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Why Timestamping Packets is Important for Packet Capture

Everything happening on the network is time sensitive, that’s why timestamping packets are extremely important when we’re talking about packet capture and analysis. This feature can not only prevent and analyze cyberattacks, but it can also allow you to examine trends and network latency. 

Network packet timestamping can be used to investigate various events that, one way or another, have affected your network performance. For instance, tracing the arrival of packets gives you an idea about the original traffic, so that you can calculate perlink metrics, like utilization figures, or performance of applications, such as TCP flow throughput, delay, and jitter.  

Timestamping Packets

The Need for Timestamping 

This increasingly vulnerable digital world has made cybersecurity a priority for companies worldwide, small or big. There isn’t a security team out there that hasn’t struggled at least once with critical virtual threats.

To be able to counter (and even prevent) virtual attacks or system errors, these teams need complete access and visibility to their networks. In other words, they need products that have the ability to capture and correlate packets for a chance to early detect and prevent threats. 


The ability to timestamp packets with high precision is, therefore, essential to understanding what is going on in the network at a packet-by-packet level. An accurate time information is important for legal and criminal investigation, and the same applies for an accurate forensic analysis. 


Efficient visibility platforms should include advanced network access devices (including Network TAPs and Network Packet Brokers) to forward data packets from their source to their destination. Almost all of their features require accurate timing, in other words, they need to support timestamps.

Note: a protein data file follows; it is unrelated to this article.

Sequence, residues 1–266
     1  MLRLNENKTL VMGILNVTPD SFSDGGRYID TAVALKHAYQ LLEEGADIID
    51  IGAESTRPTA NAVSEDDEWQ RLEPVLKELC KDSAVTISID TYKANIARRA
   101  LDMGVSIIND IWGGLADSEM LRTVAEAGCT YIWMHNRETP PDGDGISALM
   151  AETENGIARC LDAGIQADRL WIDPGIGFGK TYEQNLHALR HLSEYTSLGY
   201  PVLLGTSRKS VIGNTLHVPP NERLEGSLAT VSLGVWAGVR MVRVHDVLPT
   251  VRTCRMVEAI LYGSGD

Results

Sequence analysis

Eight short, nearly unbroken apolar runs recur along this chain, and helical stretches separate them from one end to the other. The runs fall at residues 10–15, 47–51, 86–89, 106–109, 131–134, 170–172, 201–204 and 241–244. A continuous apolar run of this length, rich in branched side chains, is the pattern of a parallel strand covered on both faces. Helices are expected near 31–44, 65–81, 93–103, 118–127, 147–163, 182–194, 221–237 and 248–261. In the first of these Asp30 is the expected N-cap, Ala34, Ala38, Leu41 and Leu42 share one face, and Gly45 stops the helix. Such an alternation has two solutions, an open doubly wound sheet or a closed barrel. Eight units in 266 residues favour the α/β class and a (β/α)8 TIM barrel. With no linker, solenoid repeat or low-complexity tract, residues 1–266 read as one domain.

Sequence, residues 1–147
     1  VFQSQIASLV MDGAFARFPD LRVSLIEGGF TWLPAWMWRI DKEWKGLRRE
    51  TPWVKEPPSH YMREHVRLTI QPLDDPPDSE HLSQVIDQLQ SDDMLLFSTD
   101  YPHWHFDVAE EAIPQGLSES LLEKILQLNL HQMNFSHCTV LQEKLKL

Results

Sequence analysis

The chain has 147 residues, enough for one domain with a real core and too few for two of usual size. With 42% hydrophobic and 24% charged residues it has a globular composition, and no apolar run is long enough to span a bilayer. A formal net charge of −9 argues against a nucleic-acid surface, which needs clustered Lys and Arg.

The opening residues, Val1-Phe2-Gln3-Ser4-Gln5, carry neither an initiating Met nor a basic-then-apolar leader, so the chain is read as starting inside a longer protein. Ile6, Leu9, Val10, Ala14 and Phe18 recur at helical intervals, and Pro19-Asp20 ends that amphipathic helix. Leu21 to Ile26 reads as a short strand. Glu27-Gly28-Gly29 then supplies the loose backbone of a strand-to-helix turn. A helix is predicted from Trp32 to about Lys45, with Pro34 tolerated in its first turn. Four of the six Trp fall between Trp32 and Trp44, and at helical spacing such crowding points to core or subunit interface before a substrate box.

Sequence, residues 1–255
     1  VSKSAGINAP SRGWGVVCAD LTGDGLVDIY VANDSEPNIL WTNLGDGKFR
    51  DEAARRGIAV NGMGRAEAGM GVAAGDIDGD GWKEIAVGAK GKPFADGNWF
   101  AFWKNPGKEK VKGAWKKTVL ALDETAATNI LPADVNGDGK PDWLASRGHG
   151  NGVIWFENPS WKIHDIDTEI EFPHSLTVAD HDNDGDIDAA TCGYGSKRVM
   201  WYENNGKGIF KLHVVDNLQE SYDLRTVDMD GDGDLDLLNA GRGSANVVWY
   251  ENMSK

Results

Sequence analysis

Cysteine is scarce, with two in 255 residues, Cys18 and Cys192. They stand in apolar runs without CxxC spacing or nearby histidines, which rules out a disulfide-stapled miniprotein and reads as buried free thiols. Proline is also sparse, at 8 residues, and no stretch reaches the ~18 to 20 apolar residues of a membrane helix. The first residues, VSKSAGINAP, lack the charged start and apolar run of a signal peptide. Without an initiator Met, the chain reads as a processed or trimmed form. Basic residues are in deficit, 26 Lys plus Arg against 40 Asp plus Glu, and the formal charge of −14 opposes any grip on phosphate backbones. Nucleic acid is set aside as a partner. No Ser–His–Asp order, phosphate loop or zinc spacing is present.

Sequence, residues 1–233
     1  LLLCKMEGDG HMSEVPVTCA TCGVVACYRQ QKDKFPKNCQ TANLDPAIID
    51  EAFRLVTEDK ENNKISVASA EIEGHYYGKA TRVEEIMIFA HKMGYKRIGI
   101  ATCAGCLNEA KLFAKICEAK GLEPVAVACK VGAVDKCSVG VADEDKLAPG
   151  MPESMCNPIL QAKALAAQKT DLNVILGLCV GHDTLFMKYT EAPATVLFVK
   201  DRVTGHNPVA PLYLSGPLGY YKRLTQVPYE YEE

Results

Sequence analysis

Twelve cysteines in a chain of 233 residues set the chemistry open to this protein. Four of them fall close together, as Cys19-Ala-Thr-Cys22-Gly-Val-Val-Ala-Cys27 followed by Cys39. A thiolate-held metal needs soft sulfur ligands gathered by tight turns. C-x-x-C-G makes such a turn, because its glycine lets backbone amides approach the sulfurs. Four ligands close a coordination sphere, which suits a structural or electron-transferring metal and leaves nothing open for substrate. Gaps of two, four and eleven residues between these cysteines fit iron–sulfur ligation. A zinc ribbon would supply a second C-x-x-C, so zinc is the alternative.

What Does Timestamping Mean

A timestamp is a sequence of characters that can help you identify when a certain event occurred, by giving you the actual date and time of day, sometimes accurate to a small fraction of a second.

In a nutshell, a timestamp is a snapshot of the local system time, associated with incoming and event outgoing packets. It’s used to specify the moment a packet is forwarded through your network access device. 

There are ingress timestamps - specifying the moment the first bit of the packet was received by the device - and egress timestamps - specifying the moment the first bit of packet was transmitted out of the device. 


Incorrectly timed packets will cause a delay in identifying and resolving the issues, which makes timestamping essential.


With some TAPs packets can be processed out of order, depending on their size. Normally this would be solved by the network stack, but this is not the case in a capture scenario. 

Knowing the exact time when the first bit of the packet was received by the TAP (ingress timestamp) makes sure packets that are processed out of order don't become a problem when analyzing the Pcap file. With an accurate timestamp in place, they can be easily sorted with a packet analyzer tool like Wireshark.  


An Essential Feature for Cybersecurity